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Discussion Starter · #182 ·
While I want to agree with the 'give the facts time to come out' I cannot think of a reason to not go in ASAP. This was never a hostage barricade, this was a barricaded active shooter. As long as he has access to additional victims and he is preventing you from obtaining medical treatment for those he shot then you still have active killing going on.
It depends on what was going on. It’s the hunting of additional victims part rather than those who are bleeding out that would say it was or wasn’t a barricaded hostage situation. For example, the Pulse nightclub shooting became a hostage situation. And victims bled out.
Did this “ chief” know that the kids that were still alive in that room only because they were hiding? Or did he believe the gunman was holding them?
When were the victims shot? In the beginning or was it during that 40 minutes of waiting?
Was the gunfire that killed those kids mistaken for gunfire at the cops and why?
More information is needed like that story of a cop shouting “ does anyone in there need help”, a little girl answered and got shot. Could that voice have been the gunman instead pretending to be a cop? It’s happened before. If it was the gunman, all the more reason to go in but it shows how the information we are given is tainted and still needs to be sorted out.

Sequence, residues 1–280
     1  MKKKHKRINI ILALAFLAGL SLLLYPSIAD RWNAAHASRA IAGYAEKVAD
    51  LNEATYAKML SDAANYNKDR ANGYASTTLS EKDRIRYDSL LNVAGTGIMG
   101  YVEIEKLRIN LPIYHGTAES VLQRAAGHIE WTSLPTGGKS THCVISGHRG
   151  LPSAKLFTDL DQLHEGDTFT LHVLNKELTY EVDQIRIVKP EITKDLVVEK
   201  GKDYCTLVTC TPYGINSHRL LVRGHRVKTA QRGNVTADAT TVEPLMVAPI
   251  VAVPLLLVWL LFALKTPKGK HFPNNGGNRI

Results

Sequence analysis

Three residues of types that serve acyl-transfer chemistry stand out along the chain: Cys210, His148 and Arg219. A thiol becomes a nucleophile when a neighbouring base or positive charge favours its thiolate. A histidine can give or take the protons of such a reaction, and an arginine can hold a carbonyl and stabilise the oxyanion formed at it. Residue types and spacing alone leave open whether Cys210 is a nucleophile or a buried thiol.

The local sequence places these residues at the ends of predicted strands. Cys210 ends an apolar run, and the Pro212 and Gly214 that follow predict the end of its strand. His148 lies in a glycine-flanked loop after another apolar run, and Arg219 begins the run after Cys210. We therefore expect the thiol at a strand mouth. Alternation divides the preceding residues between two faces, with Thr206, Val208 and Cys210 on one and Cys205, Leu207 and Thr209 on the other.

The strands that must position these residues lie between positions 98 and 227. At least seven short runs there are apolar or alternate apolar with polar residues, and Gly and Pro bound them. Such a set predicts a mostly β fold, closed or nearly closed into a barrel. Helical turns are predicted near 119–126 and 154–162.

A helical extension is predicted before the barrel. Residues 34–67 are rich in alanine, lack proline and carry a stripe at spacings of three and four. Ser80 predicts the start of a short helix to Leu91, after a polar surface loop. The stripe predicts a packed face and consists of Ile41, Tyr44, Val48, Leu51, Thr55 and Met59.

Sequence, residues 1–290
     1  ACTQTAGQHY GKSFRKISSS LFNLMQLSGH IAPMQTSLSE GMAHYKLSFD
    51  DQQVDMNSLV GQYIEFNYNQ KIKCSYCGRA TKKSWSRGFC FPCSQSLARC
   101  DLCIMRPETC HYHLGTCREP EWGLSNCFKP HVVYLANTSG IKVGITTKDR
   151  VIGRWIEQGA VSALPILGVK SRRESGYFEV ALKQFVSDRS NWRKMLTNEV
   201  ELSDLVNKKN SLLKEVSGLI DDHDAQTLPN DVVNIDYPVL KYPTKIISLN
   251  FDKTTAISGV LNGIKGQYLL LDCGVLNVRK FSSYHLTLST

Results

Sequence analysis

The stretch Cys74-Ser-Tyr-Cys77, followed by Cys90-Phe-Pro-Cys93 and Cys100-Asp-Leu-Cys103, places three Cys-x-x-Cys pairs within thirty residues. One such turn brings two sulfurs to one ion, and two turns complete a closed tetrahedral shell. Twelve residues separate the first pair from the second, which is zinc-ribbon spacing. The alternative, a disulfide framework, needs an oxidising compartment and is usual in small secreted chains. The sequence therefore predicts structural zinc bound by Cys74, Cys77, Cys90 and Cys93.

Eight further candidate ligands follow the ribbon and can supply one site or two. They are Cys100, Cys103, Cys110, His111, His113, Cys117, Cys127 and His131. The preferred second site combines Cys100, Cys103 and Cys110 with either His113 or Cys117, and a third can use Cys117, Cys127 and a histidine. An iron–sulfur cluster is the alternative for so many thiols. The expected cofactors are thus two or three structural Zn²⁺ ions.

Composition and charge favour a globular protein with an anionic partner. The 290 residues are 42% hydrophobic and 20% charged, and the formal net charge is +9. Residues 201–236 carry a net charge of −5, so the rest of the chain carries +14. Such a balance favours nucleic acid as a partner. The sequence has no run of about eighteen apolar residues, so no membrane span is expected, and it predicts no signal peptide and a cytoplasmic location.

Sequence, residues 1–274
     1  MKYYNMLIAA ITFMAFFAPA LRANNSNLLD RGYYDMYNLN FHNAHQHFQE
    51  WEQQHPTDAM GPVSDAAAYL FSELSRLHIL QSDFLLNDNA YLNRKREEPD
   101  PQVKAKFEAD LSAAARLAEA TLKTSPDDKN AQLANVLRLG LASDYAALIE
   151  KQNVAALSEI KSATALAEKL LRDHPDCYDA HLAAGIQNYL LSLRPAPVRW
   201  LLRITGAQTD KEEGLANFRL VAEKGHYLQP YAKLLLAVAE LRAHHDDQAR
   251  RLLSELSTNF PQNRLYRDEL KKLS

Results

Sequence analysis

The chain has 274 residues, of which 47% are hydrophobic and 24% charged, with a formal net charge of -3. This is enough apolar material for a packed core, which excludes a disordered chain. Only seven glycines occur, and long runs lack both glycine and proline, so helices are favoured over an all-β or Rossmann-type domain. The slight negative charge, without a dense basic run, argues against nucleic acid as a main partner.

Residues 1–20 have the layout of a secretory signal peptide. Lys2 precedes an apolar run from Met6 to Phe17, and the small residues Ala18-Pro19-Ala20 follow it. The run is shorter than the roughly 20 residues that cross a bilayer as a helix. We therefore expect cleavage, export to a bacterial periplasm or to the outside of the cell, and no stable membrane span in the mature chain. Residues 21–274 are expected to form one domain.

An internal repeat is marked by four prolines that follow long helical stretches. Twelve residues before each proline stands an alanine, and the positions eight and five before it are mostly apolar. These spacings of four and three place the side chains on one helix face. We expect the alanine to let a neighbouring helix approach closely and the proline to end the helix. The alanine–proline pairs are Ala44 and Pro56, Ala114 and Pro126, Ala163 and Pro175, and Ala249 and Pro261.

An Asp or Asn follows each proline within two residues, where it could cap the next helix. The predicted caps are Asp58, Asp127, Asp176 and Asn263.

Was the “ chief” the initial coordinator, among the first to respond or did he come in later?
More info is needed. The true decision maker was those cops who engaged first and the decision not to press the attack
 

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Discussion Starter · #183 · (Edited)
Sometimes it is time to embrace the suck and just take the action knowing there's no up side to the situation. I've stared that situation in the face and did what was needed. I will do so again if needed. I would trade my life for a child's.
Just adding something to think about since they appear not to have had eyes on what was going on in the classroom.
You charge that fatal funnel and lose. What stops the gunman from moving to the next classroom?
How many rounds did you fire already? How many do you have left that point?
The gunman locked the door. How are you going to take that door? He may have been shooting through the door. Do you blindly return fire not knowing if he is using kids as human shields or not?
Too many questions right now. Hindsight is 20/20.